from The American Heritage® Dictionary of the English Language, 4th Edition
- n. Exact correspondence of form and constituent configuration on opposite sides of a dividing line or plane or about a center or an axis. See Synonyms at proportion.
- n. A relationship of characteristic correspondence, equivalence, or identity among constituents of an entity or between different entities: the narrative symmetry of the novel.
- n. Beauty as a result of balance or harmonious arrangement.
from Wiktionary, Creative Commons Attribution/Share-Alike License
- n. Exact correspondence on either side of a dividing line, plane, center or axis.
- n. The satisfying arrangement of a balanced distribution of the elements of a whole.
from the GNU version of the Collaborative International Dictionary of English
- n. A due proportion of the several parts of a body to each other; adaptation of the form or dimensions of the several parts of a thing to each other; the union and conformity of the members of a work to the whole.
- n. The law of likeness; similarity of structure; regularity in form and arrangement; orderly and similar distribution of parts, such that an animal may be divided into parts which are structurally symmetrical.
- n. Equality in the number of parts of the successive circles in a flower.
- n. Likeness in the form and size of floral organs of the same kind; regularity.
from The Century Dictionary and Cyclopedia
- n. Proportionality; commensurability; the due proportion of parts; especially, the proper commensurability of the parts of the human body, according to a canon; hence, congruity; beauty of form.
- n. The metrical correspondence of parts with reference to a median plane, each element of geometrical form having its counterpart upon the opposite side of that plane, in the same continued perpendicular to the plane, and at the same distance from it, so that the two halves are geometrically related as a body and its image in a plane mirror: so, usually, in geometry.
- n. The composition of like and equably distributed parts to form a unitary whole; a balance between different parts, otherwise than in reference to a medial plane: but the mere repetition of parts, as in a pattern, is not properly called symmetry.
- n. Consistency; congruity; keeping; proper subordination of a part to the whole.
- n. In biology: In botany, specifically, agreement in number of parts among the cycles of organs which compose a flower. See symmetrical, 3.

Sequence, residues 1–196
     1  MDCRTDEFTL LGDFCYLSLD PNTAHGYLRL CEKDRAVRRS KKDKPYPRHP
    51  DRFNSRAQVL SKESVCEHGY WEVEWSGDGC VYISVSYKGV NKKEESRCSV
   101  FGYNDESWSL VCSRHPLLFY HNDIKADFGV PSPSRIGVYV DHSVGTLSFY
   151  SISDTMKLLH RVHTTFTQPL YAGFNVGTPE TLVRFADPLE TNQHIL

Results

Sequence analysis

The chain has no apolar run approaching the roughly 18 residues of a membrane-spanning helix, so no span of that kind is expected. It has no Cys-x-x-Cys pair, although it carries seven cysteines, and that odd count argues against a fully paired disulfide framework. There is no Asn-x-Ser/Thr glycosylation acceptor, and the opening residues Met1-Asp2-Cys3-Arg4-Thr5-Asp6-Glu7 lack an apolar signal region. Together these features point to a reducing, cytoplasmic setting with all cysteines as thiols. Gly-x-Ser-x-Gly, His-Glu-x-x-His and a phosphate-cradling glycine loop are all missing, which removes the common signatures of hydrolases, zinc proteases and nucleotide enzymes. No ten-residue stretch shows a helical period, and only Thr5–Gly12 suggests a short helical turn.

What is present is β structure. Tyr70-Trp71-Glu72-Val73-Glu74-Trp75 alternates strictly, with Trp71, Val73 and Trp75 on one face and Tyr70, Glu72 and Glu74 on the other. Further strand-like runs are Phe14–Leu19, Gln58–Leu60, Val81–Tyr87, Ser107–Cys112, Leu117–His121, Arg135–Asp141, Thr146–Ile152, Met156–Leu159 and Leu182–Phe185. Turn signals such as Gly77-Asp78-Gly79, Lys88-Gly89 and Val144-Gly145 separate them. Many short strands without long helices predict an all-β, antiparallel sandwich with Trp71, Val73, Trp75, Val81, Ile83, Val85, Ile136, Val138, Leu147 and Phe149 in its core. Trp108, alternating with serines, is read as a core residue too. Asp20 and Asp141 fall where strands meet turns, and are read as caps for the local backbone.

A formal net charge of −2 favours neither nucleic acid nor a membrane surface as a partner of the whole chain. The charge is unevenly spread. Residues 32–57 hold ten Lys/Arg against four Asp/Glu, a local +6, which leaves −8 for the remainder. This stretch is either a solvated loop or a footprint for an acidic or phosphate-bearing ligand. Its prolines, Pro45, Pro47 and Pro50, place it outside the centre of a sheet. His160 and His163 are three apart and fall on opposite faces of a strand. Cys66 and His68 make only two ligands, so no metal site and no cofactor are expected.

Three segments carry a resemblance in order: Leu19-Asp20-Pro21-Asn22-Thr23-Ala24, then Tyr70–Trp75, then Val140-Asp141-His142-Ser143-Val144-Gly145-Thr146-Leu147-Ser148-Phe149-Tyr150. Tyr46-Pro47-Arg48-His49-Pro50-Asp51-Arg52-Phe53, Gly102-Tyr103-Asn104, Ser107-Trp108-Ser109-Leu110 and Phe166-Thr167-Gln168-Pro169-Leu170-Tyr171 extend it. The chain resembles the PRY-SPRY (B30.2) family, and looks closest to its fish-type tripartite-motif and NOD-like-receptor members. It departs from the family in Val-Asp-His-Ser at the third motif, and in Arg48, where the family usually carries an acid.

- n. In zoölogy and anatomy, the symmetrical disposition or reversed repetition of parts around an axis or on opposite sides of any plane of the body.
- n. In moderu crystallography crystals are not only referred to certain systems (see crystallography) according to the relative lengths and inclinations of their assumed axes, but they are also further divided into classes, or groups, according to the kind and number of symmetry elements they possess.
- n. In Radial series, the Major Symmetry is built up by radial divisions of the first kind, producing segments whose adjacent parts are homologous, and related to each other as images.
from WordNet 3.0 Copyright 2006 by Princeton University. All rights reserved.
- n. (physics) the property of being isotropic; having the same value when measured in different directions
- n. (mathematics) an attribute of a shape or relation; exact reflection of form on opposite sides of a dividing line or plane
- n. balance among the parts of something
"Faith" in symmetry is not faith when abstract ideas like symmetry lead to explanations of empirical data, lead to new discoveries.
When translating from the Greek for the general reader it is best to follow Pliny's (and Vitruvius ') exam - ple and let the term symmetry stand as it does, rather than render it by a locution that, for a scholar, might perhaps better fit the context.
It is true that the dic - tionary meaning of the term symmetry has shifted since antiquity, but none of the original connotations has become obsolete, certainly not entirely so.
Others, again, have applied the term symmetry to the number of the parts of the flower, reserving the terms "regularity" or
Ceramics and Pottery Which principle of art is described by the term symmetry?
If by “as intelligent” we mean something else entirely, then the lack of symmetry is disturbing.
This symmetry is vitally important to the other two regulatory schemes because the usual false advertising scenario involves someone challenging nice things that the advertiser says about itself.
So she rents Edie's old house, which has a certain symmetry to it.
In the early 1970s, Kobayashi and Maskawa formulated a model that explained certain symmetry violations that had recently surprised observers in particle physics experiments.
Such 'broken symmetry' is one key to our existence